Review Summary: This Is How a dying genre should be revived.8 of 8 thought this review was well written
Music has always been a fine art to me. Ever since I was an obnoxious child, I always held my music in high regards over other types of music. Typically pop punk, progressive, alternative, and some classic rock. It was not until I hit the age of around fourteen where I was influenced by bands like Senses Fail and Silverstein to take a listen to the genre known as Post Hardcore. The reason the genre is post, is due to the long term emptiness that is the hardcore genre. Today, there are not many bands left that wish to imply these sounds to their music, and instead optioning for more of a pop inspired sound to play it safe. Silverstein however, is the last of what I would call a dying breed. This is how the Wind Shifts, is a watermark in creativity, sound, and writing bundled into what I believe is their best release since Discovering the Waterfront.
The album kicks off with the first single released by the band, Stand amid the Roar. The song is exceptionally well at introducing newcomers to the genre and is a good note. The screams that lead vocalist Shane Told introduces in this opener are just fantastic. It is a huge step up from the once whiny and repetitive vocals found on their earlier albums such as When Broken is Easily Fixed. However the clean vocals in the song hurt it from being a classic song in my opinion. Another huge difference that you may pick out if you’re a Silverstein fan is the guitar work. The long term guitarist Neil Boshart left the band prior to the making of the album and has been replaced by Paul Marc Rousseau. The riff work provided by Paul is just outstanding. Every note plucked off of the strings of his notes is just marvelous. However, he provides some excellent vocal work on the song Arrivals which may be one of my guilty pleasures of the album. The second single, Massachusetts, does everything the first single did, and fixes what was wrong. The drumming is something to be noted on this song, as well as all the songs to follow. Paul Koehler is an awesome drummer; he keeps up with beats that are unlike any punk bands that will follow. The song also improves upon the problem with the clean vocals that are found in Stand amid the Roar.
Hide Your Secrets has always been an underrated song for me. The song starts off soft and is gradually the pop punk song of the album. I enjoy most of the lyrics of the song, such as “Can I save you? Will it make me feel like I’m in Heaven?” are just breathtaking. However the song has some negatives such as the whiny “hate you” lyrics that most other mediocre bands include in their songs.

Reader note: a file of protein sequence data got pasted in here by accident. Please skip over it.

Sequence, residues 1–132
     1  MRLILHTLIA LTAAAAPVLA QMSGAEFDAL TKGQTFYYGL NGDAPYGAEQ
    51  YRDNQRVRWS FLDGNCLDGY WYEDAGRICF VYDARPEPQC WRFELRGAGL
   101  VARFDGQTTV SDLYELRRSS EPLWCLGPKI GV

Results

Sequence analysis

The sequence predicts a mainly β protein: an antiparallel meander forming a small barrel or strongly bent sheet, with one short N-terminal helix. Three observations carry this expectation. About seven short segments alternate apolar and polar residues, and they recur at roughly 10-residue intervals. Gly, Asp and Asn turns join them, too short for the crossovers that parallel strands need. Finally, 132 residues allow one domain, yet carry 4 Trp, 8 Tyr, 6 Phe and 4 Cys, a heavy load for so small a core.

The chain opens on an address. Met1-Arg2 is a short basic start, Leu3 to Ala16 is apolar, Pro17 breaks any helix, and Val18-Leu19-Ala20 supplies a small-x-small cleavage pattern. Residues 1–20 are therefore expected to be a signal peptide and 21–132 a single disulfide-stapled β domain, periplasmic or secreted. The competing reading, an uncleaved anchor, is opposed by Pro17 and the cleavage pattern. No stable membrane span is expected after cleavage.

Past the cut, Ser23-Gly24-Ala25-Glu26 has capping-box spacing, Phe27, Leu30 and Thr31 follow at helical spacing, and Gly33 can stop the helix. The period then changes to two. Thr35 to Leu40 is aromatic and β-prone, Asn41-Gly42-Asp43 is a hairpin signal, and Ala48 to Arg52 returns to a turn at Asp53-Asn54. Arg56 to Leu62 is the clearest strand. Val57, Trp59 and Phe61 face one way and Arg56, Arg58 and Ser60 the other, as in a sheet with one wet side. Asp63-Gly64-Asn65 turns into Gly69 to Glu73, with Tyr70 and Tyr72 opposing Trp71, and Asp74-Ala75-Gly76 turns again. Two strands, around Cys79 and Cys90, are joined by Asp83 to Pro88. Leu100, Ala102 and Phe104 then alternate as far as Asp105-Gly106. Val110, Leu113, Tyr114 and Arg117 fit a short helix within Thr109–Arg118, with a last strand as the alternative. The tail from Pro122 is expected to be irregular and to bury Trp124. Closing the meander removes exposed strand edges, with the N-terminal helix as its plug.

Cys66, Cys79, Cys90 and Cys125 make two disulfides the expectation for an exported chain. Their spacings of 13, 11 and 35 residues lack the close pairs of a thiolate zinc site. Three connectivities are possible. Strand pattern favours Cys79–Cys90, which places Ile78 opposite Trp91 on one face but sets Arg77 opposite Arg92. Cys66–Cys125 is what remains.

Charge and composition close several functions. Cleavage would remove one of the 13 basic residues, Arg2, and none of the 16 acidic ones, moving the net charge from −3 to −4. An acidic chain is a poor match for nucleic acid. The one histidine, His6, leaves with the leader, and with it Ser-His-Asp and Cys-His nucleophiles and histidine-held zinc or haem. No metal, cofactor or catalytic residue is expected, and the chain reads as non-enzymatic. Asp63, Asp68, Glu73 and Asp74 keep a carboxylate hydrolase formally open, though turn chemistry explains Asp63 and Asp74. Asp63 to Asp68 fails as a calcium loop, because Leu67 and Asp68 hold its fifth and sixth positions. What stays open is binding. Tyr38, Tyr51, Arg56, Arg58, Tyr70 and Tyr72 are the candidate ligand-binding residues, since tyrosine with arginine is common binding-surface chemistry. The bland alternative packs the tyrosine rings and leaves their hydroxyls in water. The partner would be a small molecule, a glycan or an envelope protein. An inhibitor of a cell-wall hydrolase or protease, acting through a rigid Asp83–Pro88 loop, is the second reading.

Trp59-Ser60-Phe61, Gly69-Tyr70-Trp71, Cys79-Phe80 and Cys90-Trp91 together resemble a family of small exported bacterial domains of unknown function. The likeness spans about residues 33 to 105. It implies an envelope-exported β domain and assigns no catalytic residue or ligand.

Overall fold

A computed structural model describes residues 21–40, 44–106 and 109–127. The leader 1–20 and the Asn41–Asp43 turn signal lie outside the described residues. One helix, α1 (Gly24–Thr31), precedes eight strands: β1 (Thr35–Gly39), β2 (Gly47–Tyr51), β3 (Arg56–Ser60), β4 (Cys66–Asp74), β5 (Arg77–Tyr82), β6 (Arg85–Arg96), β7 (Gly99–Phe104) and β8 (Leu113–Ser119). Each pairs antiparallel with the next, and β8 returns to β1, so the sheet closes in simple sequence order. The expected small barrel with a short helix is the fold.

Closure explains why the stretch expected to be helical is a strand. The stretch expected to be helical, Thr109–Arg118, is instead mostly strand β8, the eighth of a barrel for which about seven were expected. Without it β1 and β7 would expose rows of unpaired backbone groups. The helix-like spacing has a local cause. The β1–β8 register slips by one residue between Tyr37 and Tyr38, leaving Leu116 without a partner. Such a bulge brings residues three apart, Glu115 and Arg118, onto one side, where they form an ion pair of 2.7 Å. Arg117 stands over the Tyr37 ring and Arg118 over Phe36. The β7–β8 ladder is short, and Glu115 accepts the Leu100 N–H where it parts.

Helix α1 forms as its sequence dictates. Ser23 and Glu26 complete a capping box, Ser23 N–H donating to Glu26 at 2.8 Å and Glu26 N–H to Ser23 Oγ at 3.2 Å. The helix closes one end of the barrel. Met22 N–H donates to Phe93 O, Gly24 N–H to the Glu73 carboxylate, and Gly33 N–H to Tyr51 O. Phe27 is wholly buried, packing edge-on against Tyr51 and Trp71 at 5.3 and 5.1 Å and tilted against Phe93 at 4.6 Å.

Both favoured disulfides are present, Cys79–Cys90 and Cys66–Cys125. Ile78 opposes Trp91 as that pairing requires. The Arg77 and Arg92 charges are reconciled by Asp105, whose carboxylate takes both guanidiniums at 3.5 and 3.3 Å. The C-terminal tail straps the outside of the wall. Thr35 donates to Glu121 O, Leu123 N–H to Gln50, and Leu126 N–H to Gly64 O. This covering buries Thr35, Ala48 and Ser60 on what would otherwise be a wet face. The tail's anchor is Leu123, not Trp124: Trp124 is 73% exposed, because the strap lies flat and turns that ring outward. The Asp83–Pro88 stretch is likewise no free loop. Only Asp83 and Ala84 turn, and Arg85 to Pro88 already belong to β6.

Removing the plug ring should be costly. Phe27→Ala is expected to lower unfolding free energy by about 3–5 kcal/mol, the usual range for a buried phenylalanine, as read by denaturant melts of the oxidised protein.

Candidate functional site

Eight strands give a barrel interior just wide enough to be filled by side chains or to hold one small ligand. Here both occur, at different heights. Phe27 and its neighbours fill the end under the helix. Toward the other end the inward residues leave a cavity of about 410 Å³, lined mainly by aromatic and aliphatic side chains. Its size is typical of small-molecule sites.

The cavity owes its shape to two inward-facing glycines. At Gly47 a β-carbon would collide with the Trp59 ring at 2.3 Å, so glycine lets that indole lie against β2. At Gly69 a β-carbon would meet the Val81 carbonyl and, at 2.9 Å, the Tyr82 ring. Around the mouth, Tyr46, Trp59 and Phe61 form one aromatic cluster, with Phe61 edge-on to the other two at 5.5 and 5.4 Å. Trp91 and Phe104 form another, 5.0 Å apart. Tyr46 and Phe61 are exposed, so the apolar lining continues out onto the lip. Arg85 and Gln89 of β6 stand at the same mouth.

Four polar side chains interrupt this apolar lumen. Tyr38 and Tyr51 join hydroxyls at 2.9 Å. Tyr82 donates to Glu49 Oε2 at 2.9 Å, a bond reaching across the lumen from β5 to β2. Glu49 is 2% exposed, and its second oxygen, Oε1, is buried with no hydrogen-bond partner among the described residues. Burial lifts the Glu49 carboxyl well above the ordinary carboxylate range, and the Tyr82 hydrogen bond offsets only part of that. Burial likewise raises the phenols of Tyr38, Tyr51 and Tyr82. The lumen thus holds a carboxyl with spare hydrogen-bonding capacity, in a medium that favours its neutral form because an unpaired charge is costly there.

While most songs on the first half of the album are really well played, including the interlude This is How nothing really hit me as awe inspiring. Then comes In a Place of Solace, and it hits you in the face like a brick. The song starts off with an experimental atmosphere to it until the guitar strings strum in. Then Shane’s hollow screaming flows in and makes your blood red hot, “This casket! Opened up!” I was drawn in for the next couple of minutes. After the slower part ends the song picks up into a drum roll that kept me on the edge of my seat. The crashes of the cymbals followed by the mixed baselines are there to show outstanding musicianship. When the song ends, there’s nothing to do but sit there, wide mouthed, and press the replay button.
It’s here I note that the album’s second half goes a bit downhill from here, not as fantastic as the first half but still really good. I found something a bit odd though while listening to The Wind Shifts. The song is about the same length as This Is How and I realized the vocals cut at the times there were vocals for the other song. I researched this and found that you need to play these two songs together to fully embrace the song. I found this very creative and I kind of had a nice laugh afterwards following the listen since the song was a clever little Easter egg.
The album ends on the song Departures, it wasn’t the perfect ending I was hoping for but it did supply an impressive ending to the album with the cliffhanger towards the middle of the song. “You’re killing me kid.” I should also note that this song uses a lot of effects that would be found in a post rock song. Such as the swooshes at the beginning as well as the non-instrumental sounds.
This Is How the Wind Shifts is overall a great revival of a slowly dying genre, providing a breath of fresh air from today’s pop punk groups that aspire to end the hardcore parade. This album could easily be overturned by some due to the assumption that it is their seventh album, and that it’s just the same as the others, but the album pushes the bar for expectations up higher than I thought it would. Songs such as Massachusetts, In a Place of Solace, California, and even Departures are just some of the showcases of talent this band can provide to the music world. Silverstein’s new work of art is there Magnum Opus to the music world of today, and should stand as a milestone in their careers for now.